SE policy requires the following matches:

  • <sepolicy-version> defines a closed range of minor versions for every major version. The sepolicy version reported by the device must fall within one of these ranges to be compatible with the framework. Match rules are similar to HAL versions; it is a match if the sepolicy version is higher or equal to the minimum version for the range. The maximum version is purely informational.
  • <kernel-sepolicy-version> i.e. policydb version. Must be less than the security_policyvers() reported by the device.

Example: Successful SE policy match

The framework compatibility matrix states the following sepolicy information:

<sepolicy>
    <kernel-sepolicy-version>30</kernel-sepolicy-version>
    <sepolicy-version>25.0</sepolicy-version>
    <sepolicy-version>26.0-3</sepolicy-version>
</sepolicy>

On the device:

  • The value returned by security_policyvers() must be greater than or equal to 30. Otherwise it is not a match. For example:
    • If a device returns 29, it is not a match.
    • If a device returns 31, it is a match.
  • SE Policy version must be one of 25.0-∞ or 26.0-∞. Otherwise it is not a match. (The "-3" after "26.0" is purely informational.)

AVB version matches

The AVB version contains a MAJOR version and MINOR version, with the format as MAJOR.MINOR (e.g., 1.0, 2.1). For details, refer to Versioning and Compatibility. AVB version has the following system properties:

  • ro.boot.vbmeta.avb_version is the libavb version in bootloader
  • ro.boot.avb_version is the libavb version in Android OS (init/fs_mgr)

The system property appears only when the corresponding libavb has been used to verify AVB metadata (and returns OK). It is absent if a verification failure occurred (or no verification occurred at all).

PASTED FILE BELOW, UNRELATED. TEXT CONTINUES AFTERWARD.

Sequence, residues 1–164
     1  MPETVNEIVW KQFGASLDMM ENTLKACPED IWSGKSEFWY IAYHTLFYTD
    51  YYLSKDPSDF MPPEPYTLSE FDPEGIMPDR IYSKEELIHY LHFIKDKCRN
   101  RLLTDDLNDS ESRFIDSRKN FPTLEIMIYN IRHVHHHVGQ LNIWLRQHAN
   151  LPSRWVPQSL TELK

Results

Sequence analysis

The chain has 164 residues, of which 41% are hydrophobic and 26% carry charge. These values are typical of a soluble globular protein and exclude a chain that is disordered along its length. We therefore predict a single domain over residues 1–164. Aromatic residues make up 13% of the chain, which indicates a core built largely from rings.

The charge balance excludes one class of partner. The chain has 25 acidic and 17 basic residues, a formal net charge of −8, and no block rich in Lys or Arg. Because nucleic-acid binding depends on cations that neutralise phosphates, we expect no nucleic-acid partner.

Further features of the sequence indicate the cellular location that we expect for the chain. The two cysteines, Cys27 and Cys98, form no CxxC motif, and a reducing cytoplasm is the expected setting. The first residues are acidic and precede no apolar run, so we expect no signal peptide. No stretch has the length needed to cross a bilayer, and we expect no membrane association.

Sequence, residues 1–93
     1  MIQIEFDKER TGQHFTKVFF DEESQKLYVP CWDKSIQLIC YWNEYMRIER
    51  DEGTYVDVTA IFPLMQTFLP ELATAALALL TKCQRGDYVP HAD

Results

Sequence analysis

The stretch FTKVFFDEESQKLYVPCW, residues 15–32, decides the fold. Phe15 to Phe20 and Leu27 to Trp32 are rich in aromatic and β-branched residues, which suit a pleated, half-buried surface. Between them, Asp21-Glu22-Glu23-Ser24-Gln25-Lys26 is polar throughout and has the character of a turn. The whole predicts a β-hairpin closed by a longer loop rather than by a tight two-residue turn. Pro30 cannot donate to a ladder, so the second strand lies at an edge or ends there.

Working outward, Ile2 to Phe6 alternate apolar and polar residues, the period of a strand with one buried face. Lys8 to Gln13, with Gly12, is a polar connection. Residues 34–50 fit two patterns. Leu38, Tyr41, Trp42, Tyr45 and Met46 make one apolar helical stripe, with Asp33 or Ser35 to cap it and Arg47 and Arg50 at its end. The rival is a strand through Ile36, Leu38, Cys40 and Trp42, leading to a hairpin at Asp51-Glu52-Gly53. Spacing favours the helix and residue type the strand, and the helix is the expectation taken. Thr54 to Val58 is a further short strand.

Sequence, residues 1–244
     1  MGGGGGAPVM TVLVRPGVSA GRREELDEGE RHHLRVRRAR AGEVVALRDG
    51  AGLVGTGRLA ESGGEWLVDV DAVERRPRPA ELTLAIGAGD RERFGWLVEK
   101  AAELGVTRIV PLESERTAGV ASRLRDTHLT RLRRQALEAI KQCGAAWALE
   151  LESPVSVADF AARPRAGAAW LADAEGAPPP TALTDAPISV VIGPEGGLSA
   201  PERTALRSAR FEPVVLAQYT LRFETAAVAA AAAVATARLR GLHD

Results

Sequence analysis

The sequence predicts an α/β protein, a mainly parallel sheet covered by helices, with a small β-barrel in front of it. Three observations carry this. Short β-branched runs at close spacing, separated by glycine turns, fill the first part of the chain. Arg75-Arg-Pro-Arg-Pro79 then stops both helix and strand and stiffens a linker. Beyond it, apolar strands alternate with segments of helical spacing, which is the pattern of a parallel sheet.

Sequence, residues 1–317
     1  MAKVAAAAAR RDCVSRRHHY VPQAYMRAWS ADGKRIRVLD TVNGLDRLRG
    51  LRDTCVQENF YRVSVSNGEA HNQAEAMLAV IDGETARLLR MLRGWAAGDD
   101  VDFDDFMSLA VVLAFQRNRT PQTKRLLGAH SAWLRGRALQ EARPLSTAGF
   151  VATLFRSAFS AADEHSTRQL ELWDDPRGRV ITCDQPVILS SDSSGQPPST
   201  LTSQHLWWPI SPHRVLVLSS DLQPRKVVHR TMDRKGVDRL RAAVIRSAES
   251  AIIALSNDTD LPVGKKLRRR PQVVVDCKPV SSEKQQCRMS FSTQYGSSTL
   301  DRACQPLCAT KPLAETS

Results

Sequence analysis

A compatibility match compares the following:

  • sysprop ro.boot.vbmeta.avb_version with avb.vbmeta-version from framework compatibility matrix;
    • ro.boot.vbmeta.avb_version.MAJOR == avb.vbmeta-version.MAJOR
    • ro.boot.vbmeta.avb_version.MINOR >= avb.vbmeta-version.MINOR
  • sysprop ro.boot.avb_version with avb.vbmeta-version from framework compatibility matrix.
    • ro.boot.avb_version.MAJOR == avb.vbmeta-version.MAJOR
    • ro.boot.avb_version.MINOR >= avb.vbmeta-version.MINOR

The bootloader or Android OS might contain two copies of libavb libraries, each with a different MAJOR version for upgrade devices and launch devices. In this case, the same unsigned system image can be shared but the final signed system images are different (with different avb.vbmeta-version):

Figure 1. AVB version matches (/system is P, all other partitions are O).


Figure 2. AVB version matches (all partitions are P).

Example: Successful AVB version match

The framework compatibility matrix states the following AVB information:

<avb>
    <vbmeta-version>2.1</vbmeta-version>
</avb>

On the device:

ro.boot.avb_version              == 1.0 &&
ro.boot.vbmeta.avb_version       == 2.1  mismatch 
ro.boot.avb_version              == 2.1 &&
ro.boot.vbmeta.avb_version       == 3.0  mismatch 
ro.boot.avb_version              == 2.1 &&
ro.boot.vbmeta.avb_version       == 2.3  match 
ro.boot.avb_version              == 2.3 &&
ro.boot.vbmeta.avb_version       == 2.1  match 

Matching AVB version during OTA

For devices launched with Android 9 or lower, during OTA, the AVB version requirements in framework compatibility matrix are matched against the current AVB version on the device. If the AVB version has an major version upgrade during an OTA (for example, from 0.0 to 1.0), the check in OTA does not reflect the compatibility after the OTA.

To mitigate the issue, an OEM can place a fake AVB version in the OTA package (compatibility.zip) to pass the check. To do so:

  1. Cherry-pick the following CLs to the Android 9 source tree:
  2. Define BOARD_OTA_FRAMEWORK_VBMETA_VERSION_OVERRIDE for the device. Its value should equal the AVB version before the OTA, i.e. the AVB version of the device when it was launched.